Top image: Photography by Anise Lew
Swapping California’s San Fernando Valley for the New York City’s concrete jungle to study literature, musician Jackie Cohen found the experience to be everything a twenty-something searches for and embraces when looking for a philosophy of their own. Penning her own poetry and spoken word pieces, soon Cohen found herself experimenting with other mediums, performing her pieces and morphing them into the sort of anti-folk gems that feature on the LA-native’s debut EP, Tacoma Night Terror Part 1: I’ve Got the Blues.
The eagle-eyed may have spotted her singing and dancing up a storm with Foxygen over the years, a chapter instrumental in Cohen embracing her love of performing and taking the stage solo. Produced by Jonathan Rado, with The Lemon Twigs in tow lending their talents, Cohen’s debut offering is a capsule of this period. Between heartfelt moments, a wild imagination, and a bit of eye rolling, Cohen’s own brand of pop turns what she endearingly calls ‘journal entries’ into stardust, echoing the sentiments of many young women who have just cut their hair super short, spent too long on Tinder, or started an 80s Jane Fonda phase.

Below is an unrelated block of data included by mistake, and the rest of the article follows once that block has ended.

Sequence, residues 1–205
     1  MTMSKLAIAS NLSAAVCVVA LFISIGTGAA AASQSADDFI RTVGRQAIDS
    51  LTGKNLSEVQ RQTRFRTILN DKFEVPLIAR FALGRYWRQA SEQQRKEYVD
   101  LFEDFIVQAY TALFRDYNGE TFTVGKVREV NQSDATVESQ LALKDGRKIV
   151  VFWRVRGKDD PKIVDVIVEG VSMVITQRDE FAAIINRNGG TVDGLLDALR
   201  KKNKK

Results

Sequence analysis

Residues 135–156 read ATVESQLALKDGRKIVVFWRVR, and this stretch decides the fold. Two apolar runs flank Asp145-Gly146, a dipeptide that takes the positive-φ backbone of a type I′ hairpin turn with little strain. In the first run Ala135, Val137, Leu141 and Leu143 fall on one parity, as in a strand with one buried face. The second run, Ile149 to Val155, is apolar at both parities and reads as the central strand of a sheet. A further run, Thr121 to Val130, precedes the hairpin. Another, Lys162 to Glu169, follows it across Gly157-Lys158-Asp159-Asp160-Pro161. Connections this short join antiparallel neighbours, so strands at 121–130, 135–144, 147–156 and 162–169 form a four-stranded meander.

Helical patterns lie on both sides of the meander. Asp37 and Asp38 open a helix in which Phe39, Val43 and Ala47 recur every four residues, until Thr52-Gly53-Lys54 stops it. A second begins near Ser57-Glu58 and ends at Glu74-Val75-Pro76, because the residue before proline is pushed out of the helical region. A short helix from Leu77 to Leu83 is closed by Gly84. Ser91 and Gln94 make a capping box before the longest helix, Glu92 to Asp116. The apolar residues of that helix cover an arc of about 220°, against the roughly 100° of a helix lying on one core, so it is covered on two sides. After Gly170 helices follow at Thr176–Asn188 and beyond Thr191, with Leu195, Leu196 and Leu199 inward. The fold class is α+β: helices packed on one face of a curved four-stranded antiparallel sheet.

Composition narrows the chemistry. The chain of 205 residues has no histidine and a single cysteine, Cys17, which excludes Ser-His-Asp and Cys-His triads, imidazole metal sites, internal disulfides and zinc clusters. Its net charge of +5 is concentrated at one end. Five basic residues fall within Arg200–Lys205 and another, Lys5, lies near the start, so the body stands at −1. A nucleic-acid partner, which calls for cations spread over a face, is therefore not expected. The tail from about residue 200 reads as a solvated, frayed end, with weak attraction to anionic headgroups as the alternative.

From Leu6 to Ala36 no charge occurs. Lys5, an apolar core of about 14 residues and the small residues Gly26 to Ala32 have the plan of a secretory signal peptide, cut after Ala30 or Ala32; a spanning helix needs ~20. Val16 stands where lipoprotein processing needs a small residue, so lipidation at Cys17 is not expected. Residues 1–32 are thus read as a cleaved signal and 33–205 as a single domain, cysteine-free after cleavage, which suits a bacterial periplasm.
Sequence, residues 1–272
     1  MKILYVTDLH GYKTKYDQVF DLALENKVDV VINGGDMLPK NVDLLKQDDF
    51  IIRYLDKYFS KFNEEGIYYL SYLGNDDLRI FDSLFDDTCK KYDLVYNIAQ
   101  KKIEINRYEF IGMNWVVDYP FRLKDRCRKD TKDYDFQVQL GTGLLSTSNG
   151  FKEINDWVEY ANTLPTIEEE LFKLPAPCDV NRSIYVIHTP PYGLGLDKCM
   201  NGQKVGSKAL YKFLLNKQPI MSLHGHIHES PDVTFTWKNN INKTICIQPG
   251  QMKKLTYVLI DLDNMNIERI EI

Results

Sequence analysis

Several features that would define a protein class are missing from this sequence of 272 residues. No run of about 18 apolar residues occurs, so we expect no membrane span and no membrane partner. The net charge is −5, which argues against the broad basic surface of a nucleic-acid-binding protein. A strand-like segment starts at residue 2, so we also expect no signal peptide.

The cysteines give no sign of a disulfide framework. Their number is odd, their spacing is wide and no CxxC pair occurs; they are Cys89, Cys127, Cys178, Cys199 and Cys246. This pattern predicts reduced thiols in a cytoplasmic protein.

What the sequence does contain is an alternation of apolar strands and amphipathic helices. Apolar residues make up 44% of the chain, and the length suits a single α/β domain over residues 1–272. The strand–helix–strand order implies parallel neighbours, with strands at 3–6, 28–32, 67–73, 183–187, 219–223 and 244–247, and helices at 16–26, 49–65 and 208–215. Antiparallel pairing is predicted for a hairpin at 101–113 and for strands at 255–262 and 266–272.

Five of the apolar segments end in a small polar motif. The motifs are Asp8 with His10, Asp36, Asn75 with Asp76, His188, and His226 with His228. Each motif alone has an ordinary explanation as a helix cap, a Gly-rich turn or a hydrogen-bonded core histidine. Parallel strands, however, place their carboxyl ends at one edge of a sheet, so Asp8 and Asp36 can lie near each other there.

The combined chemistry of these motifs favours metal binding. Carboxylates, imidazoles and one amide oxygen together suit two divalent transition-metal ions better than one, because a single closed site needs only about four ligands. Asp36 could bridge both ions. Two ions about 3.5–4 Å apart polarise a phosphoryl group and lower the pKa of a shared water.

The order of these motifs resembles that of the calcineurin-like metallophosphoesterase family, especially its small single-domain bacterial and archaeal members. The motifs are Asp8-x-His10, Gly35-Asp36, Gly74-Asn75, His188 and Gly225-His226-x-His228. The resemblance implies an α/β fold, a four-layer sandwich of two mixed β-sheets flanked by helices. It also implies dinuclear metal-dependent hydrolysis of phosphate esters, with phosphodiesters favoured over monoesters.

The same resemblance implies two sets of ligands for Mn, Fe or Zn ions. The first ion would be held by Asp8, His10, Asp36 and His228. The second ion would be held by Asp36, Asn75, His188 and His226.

Clementine Zawadzki: Hi Jackie, how’s your afternoon going?
Jackie Cohen: I’ve just been hanging out. I’ve been catching up on my Harry Potter. I’ve been re-reading the whole series, and today I started the seventh and final book. It’s a lot of fun as an adult to go back to something I liked as a kid, because it’s a lot different now. Harry Potter was kind of a brat in 5th and 6th year of school, and I didn’t notice before because I was also a brat.
CZ: The same with Ferris Bueller, he actually wasn’t that much of a cool guy when you really look at it
JC: For sure, he like really peer-pressured his friend!
CZ: Now, you’re in LA. Did you also grow up there?